This is not a sentiment shared by Guy Ourisson, president of the Academie des Sciences and Strasbourg University. At a recent European Science Foundation Assembly, he suggested that "teaching should be done in three languages at university level and in research." He claimed that a vital component of pan-European collaboration was greater linguistic versatility, posing the rather controversial question, "Is the universal use of elementary English in science really the only solution?" At the moment it would appear so, though greater efforts could be made by British scientists, if only to narrow the cultural gaps and make discourse with our European counterparts a more productive experience.

Despite the poor numbers of undergraduate scientists heading for Europe, there are significant numbers of Ph.D. students and postdocs taking up the challenge of working abroad. Steven Reid, an immunologist from Glasgow, spent 18 months working in Milan for an academic lab within a pharmaceutical company. Unable to speak a word of Italian, he signed up for a crash course at the Hetherington Language Centre at Glasgow University. Although this proved helpful, he still felt as if he was struggling for the first 6 months. He explains: "Communication in the lab and at meetings was O.K. as English was spoken most of the time, but at coffee and lunch breaks it was difficult to follow the conversation." Luckily, there was another British person in the lab, which made him feel less isolated. His employer also arranged for a private tutor to teach him Italian twice a week, resulting in fluency by the time he headed home.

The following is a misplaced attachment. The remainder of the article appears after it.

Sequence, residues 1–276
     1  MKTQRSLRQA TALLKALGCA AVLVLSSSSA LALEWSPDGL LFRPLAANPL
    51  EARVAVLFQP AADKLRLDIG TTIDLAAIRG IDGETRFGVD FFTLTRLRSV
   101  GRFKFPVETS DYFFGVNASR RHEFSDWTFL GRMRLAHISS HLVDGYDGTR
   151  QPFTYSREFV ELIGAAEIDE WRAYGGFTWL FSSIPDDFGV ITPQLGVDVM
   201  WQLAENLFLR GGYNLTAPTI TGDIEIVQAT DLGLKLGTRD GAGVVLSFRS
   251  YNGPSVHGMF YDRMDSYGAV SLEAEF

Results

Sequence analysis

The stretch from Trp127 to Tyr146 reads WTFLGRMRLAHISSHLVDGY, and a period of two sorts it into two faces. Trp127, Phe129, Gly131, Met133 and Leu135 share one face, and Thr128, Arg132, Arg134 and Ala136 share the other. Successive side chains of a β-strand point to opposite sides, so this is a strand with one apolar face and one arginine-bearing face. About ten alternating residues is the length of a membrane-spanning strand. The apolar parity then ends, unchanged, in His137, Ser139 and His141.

Steven feels that the challenge of learning a new language and experiencing another culture was ultimately rewarding, and one which could enhance his career prospects. Increasingly employers are looking beyond their immediate regional labour market to a wider European market. Many European students are spending part of their higher education in another European country and will be future competitors in the ever-widening job market. For those who are interested in a work placement in Europe, as opposed to study, help is available through the Leonardo programme, which offers support for work placements and exchanges in science and technology. An exchange under Leonardo is an exchange of experience or know-how between firms, universities, training organisations, instructors, or lecturers. These exchanges generally last between 2 and 12 weeks, but can be longer.

If you are interested in working in a European lab but are worried about lack of linguistic ability, most university language departments have language laboratories and self-teach facilities, so it is worth contacting them to find out what is available. And many universities run extramural adult education classes in languages, which is a good way to meet nonscientists and brush up your language skills at the same time.